The middle pyramid of the Giza edifice was for Pharaoh Khafre’s son Khufu (2558-2532 B.C.). The Pyramid of Khafre, which is second in height at Giza, contains the tomb of Pharaoh Khafre. The Great Sphinx was a unique feature within Khafre’s pyramid compound. It is a limestone guardian statue with the head and body of a man and a lion and is measured 240 feet in length and 66 feet in height.
The 18th dynasty (c. 1550 B.C. The Great Sphinx gets worshipped as a local version of Horus during the 18th dynasty (c. 1500 B.C.). Khafre’s son Menkaure built the southernmost pyramid of Giza (2532-2503 B.C.). It is the shortest pyramid (218 feet) and a precursor to the smaller pyramids constructed during the fifth and sixth Dynasties.
● Random facts to know – Before the Lincoln Cathedral in England in 1311, the Great Pyramid of Giza was the highest known building. Some pyramids did not have a pointed triangular roof, and some pyramids were flat at their top. Surprisingly the Pyramid of Djoser has a flat top. The Pyramid of Cheops is both the largest and oldest.
● The Great Sphinx at Giza – It is a massive statue that looks like a half-man, half-lion and protects the Giza Pyramid. It insinuates that Khafre was the face used to create the sculpture.
● About the Pyramid makers – Legend has it that slaves built these incredible structures during slavery. This rumour has been proved false. According to history, workers who were not wealthy made these pyramids. Herodotus, a historian of Greek origin, was the one who spread the myth that slaves built the pyramids. It would have been nearly impossible to delegate these duties to slaves considering that the pyramids were created as a place of rest for Egyptian Pharaohs.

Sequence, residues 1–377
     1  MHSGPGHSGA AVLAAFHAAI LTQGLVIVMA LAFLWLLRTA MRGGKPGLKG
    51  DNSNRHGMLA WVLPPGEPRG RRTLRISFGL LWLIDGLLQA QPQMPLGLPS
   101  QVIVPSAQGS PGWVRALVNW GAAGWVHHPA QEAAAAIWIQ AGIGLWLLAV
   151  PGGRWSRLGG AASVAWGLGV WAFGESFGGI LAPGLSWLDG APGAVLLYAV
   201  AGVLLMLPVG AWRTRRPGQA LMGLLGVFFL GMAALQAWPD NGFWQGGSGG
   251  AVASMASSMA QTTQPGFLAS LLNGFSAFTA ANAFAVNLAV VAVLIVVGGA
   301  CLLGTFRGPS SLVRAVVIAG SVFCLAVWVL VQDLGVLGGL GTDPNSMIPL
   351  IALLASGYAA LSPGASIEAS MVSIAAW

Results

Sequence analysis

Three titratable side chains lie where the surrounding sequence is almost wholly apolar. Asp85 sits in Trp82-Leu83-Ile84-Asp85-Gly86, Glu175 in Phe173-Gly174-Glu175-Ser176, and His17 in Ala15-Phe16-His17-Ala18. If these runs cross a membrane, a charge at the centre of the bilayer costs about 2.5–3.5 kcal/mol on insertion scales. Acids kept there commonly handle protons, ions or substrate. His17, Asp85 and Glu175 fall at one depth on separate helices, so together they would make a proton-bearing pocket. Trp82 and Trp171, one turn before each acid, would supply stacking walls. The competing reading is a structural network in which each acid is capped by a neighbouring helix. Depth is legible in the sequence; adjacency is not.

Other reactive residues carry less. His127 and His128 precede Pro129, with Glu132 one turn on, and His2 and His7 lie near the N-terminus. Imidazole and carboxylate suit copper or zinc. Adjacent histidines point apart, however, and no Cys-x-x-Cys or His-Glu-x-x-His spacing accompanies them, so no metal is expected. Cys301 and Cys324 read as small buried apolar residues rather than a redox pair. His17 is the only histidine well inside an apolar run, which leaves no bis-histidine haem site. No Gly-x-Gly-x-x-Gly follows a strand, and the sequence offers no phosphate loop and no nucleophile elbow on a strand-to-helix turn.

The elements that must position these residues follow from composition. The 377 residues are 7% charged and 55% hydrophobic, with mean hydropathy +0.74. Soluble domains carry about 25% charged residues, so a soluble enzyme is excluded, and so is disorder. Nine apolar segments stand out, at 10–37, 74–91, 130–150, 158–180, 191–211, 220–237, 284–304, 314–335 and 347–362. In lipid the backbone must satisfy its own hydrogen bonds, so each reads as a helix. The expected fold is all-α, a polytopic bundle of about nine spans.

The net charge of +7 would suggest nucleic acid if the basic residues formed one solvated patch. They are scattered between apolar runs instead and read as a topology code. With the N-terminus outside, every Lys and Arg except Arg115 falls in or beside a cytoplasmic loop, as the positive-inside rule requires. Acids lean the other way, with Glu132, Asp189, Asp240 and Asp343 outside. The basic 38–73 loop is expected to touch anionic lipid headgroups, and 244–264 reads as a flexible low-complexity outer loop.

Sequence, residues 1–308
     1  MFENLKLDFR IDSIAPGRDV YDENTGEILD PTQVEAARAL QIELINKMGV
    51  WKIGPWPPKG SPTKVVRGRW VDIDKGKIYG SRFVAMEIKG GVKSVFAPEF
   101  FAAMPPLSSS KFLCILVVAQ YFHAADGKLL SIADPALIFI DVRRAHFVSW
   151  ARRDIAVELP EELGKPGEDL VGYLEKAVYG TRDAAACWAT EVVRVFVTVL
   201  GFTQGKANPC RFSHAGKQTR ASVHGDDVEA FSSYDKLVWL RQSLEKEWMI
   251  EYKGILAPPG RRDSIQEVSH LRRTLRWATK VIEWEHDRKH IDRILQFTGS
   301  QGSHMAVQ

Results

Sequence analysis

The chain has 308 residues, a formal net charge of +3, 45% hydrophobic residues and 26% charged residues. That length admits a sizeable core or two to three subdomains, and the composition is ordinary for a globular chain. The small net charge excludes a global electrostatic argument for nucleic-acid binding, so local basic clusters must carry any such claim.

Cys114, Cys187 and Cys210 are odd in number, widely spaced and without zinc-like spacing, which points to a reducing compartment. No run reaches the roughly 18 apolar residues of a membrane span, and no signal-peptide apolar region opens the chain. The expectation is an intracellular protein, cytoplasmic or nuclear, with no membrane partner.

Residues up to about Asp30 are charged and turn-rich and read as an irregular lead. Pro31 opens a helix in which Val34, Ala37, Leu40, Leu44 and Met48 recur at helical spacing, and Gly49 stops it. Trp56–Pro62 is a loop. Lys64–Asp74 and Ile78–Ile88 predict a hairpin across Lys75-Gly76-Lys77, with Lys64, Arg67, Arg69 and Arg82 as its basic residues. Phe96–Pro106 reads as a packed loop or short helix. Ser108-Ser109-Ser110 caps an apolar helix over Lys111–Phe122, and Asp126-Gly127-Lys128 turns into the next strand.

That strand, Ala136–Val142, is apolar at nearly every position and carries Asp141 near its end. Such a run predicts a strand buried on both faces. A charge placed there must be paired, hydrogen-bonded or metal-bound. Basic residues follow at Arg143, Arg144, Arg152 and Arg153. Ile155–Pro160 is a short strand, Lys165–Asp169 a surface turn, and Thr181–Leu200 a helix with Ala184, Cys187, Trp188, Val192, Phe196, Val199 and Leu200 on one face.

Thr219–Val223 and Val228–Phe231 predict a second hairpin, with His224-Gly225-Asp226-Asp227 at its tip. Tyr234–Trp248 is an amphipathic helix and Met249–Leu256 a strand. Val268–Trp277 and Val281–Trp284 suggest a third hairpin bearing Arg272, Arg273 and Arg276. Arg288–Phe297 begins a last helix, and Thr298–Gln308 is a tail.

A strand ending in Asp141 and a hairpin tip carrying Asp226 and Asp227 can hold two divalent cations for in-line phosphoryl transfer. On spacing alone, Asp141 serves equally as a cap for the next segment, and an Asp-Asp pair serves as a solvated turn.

● Pyramids age – They are now 4500 years old. The pyramids are one of the most well-known relics of the Egyptian pharaohs. However, these tombs were not constructed throughout the entire history of ancient Egypt. The first structure known as the Step Pyramid at Djoser was constructed around 2630 BC. Most of the larger systems, such as the Giza pyramids and the Great Pyramid, were completed shortly afterwards. The Great Pyramid was built in 2530 BC. Construction activity ceased after constructing some initial pyramids around 2200 BC, marking the sixth dynasty’s end. Construction was resumed from 2000 to 1700 BC, though the results were much less impressive than those of the previous dynasties.
● The First Builder – Imhotep was the first to be identified as an architect of the ancient Egyptian pyramids. He was a veteran engineer and physician, as well as a polymath. Imhotep is considered the chief builder and designer of the Step Pyramid at Djoser. It is believed that over 100,000 people participated in the construction of the pyramids in Giza.
● The Missing Nose – Many conspiracy theories and speculations have been made about the missing nose of the Great Sphinx. It is possible to believe that the nose was stolen during Napoleon’s visit to Egypt or during one of the World Wars. These events occurred many years after the first sketches of the Great Sphinx with no nose were made in the 1730s. Although there is no evidence to support the absence of a nose, Sa’im al-Dahr (an Islamic cleric) vandalized the statue and was punished for this. It is still unknown what caused the broken nose.